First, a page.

As should be obvious, Barry University lacks the requisite procedures, resources, and expertise to undertake this analysis, which is properly the purview of a court of law. It is fundamentally unfair to force a student to choose between mounting a thorough and complete defense to campus disciplinary charges or remaining silent for fear that any statements made in so doing could be used in a future criminal prosecution. Students who are convicted of violating the law may reasonably be punished under the conduct code. But it is unconscionable for the university to assert jurisdiction over criminal matters and place the accused student in such a manifestly unfair and untenable position.

We argued much the same recently at The George Washington University, which suspended a Jewish student for displaying a Hindu swastika, charged the student with “Violation of Law,” and reported the student to Washington, D.C.’s police department for investigation as a “hate crime.”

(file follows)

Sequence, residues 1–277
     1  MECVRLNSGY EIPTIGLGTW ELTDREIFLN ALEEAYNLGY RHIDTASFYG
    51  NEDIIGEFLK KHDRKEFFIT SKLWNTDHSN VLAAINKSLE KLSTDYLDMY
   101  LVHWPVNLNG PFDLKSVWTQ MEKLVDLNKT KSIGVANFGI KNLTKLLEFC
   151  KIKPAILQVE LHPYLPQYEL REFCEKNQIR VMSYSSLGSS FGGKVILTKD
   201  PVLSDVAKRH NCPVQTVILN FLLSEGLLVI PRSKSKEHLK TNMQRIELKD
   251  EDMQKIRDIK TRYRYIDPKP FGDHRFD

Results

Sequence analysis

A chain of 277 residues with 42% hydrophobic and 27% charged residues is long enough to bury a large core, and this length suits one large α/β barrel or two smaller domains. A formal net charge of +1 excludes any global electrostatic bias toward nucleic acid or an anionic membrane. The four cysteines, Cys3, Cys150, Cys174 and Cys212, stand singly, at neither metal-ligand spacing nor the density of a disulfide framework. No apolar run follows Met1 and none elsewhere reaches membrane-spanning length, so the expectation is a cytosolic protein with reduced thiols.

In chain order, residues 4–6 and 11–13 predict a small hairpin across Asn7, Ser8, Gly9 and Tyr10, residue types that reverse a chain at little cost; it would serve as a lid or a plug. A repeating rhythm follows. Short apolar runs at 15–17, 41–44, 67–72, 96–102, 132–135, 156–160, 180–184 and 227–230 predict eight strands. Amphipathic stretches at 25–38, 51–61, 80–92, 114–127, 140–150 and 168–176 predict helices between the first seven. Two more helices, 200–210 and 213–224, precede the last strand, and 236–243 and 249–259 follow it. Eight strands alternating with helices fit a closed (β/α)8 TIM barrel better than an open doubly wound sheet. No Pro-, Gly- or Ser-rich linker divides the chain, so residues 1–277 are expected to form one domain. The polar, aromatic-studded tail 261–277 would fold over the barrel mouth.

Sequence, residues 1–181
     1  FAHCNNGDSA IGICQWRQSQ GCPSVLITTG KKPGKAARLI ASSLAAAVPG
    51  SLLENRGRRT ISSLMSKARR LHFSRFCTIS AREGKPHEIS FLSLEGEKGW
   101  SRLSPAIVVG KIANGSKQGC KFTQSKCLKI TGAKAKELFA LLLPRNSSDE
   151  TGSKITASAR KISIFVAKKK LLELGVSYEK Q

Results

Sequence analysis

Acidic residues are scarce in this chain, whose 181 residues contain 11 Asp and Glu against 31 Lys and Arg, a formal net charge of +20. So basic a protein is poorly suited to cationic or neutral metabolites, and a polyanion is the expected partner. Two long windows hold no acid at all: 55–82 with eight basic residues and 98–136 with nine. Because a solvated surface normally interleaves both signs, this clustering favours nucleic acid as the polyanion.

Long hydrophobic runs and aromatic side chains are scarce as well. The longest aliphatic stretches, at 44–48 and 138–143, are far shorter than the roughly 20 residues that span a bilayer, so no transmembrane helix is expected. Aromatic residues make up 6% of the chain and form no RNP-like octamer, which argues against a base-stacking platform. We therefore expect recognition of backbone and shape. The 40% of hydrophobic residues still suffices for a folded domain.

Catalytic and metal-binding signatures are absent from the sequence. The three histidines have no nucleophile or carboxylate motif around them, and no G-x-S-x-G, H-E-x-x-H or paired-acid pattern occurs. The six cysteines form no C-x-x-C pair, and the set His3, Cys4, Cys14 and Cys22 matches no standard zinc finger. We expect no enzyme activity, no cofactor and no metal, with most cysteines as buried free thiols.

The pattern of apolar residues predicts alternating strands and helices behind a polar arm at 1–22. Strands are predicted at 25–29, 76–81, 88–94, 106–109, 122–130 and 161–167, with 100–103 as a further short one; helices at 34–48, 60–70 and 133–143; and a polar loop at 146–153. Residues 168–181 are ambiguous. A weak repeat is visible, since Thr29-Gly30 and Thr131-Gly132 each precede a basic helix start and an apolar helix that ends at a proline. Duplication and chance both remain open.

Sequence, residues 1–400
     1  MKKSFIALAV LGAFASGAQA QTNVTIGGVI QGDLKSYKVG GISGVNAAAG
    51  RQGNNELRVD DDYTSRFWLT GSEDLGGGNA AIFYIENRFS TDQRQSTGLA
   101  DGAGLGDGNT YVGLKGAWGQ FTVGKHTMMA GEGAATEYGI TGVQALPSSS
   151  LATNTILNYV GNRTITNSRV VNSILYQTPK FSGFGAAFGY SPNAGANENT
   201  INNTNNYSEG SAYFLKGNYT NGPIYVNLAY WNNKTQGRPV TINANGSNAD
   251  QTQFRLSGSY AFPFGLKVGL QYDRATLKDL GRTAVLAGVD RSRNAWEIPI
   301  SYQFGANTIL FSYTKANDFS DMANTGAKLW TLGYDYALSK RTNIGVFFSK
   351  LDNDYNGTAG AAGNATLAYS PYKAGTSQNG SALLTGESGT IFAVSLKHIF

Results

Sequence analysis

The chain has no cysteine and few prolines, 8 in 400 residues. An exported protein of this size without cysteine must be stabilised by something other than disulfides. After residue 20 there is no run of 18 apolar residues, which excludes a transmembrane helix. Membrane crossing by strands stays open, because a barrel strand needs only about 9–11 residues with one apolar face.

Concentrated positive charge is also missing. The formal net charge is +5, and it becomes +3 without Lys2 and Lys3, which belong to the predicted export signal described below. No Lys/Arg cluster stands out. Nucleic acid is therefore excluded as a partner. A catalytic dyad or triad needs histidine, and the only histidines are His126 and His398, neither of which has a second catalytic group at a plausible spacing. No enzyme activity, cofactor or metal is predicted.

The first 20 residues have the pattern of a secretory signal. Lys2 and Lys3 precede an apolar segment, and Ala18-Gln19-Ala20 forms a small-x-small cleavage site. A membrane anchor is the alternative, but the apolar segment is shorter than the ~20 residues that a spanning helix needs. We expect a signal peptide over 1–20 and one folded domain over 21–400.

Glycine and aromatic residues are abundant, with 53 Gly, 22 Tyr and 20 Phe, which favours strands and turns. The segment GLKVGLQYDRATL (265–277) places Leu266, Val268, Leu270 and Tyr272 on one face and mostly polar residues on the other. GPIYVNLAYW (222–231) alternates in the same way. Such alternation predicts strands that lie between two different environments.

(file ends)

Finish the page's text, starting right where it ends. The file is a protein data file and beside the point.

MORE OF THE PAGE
Fortunately for Laura, with the help of an attorney, a settlement was reached between her and the university, ensuring that she will graduate on time. While FIRE isn’t privy to the final details of their arrangement, we’re pleased that the slew of inappropriate charges lodged against her haven’t hindered her ability to graduate. This should serve as a reminder to Barry and other universities that student conduct actions that appear to be based solely on the principle of “you mess with the bull, you get the horns” are rarely compatible with the norms of due process.